Hirohito sat on the Chrysanthemum Throne and ruled Japan through wars with China and World War II. But at the end of the war, there were two emperors in Tokyo. Douglas MacArthur, Supreme Commander of the Allied Powers, ruled Japan like a potentate, overseeing reforms that turned the country away from fascistic feudalism into a modern economic superpower.
“Emperor” is about both men, about MacArthur deciding whether or not to prosecute Hirohito as a war monger and war criminal. Was the “God King” merely a passive observer to his country’s militarism and crimes against humanity? Or did he sign off on it?
Tommy Lee Jones gives us a saltier version of MacArthur than the image-conscious general ever let on to. His Mac is cagey, guarded, cunning enough to want to cover himself but brave and savvy enough to know that strutting with “a show of absolute fearlessness” is what will impress the Japanese upon his arrival.
With a tiny contingent of troops, he struts onto Japanese soil and watches the armed lines of soldiers turn their back as his motorcade passes.
“They avert their gaze for the Emperor, too,” an aide explains.
“I know,” MacArthur puffs.
We will be “liberators, not conquerors.” But what to do about Hirohito?
He puts an aide, General Bonner Fellers (Matthew Fox) on the case. Fellers spent time in Japan before the war. He doesn’t tell anyone, but the great love of his life was Japanese. In between questioning Hirohito’s staff and politicians (the Emperor himself cannot be approached), Fellers puts out feelers to find this woman (Eriko Hatsune, glimpsed in flashback) amidst the ruins of a gutted, starving Japan.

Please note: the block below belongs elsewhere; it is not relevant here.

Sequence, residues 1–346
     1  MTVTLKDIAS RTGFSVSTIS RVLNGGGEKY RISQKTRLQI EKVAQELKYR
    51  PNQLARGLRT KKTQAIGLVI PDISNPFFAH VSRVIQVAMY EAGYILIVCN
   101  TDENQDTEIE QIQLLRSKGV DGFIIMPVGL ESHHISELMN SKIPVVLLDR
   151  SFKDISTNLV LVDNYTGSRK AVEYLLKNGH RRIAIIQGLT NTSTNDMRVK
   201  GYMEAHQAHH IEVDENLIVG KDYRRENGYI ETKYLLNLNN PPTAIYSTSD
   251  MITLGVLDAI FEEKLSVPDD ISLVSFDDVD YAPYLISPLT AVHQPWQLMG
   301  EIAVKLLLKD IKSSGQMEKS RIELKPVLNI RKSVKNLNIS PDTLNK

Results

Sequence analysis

Fellers is given ten days to decide whether or not to arrest the emperor. He must round up other suspects before they can commit suicide.
To its credit, the script (Vera Blasi and David Klass, based on a Shiro Okamoto book) plays up the uncertainty of the times, the pragmatism of MacArthur and the ambiguity of the Emperor’s guilt. But the love story plays like a clumsy distraction. The film soft peddles both the perceived communist threat that both MacArthur and Fellers were working to thwart, and the real Fellers’ anti-communist zealotry, which had him joining the far right fringe group The John Birch Society after his military service ended.
Fox plays the lovelorn soldier blandly, but the whole romance thing appears to be fiction, and historians suggest Fellers’ real mission was to allow Japanese officials to coordinate their lies so that MacArthur would have cover in refusing to prosecute Hirohito.
That suggests a better movie, or at least a more accurate one, was lost in the script stages. But “Emperor” still manages to be a pretty interesting melodrama and a fair, if muddled, accounting of how America helped its hated enemy recover and reform, even if it never quite came to grips with its crimes and role in starting a war.
MPAA Rating: PG-13 for violent content, brief strong language and smoking (historical)
Cast: Tommy Lee Jones, Matthew Fox
Credits: Directed by Peter Webber, scripted by Vera Blasi and David Kaas. A Roadside Attractions release.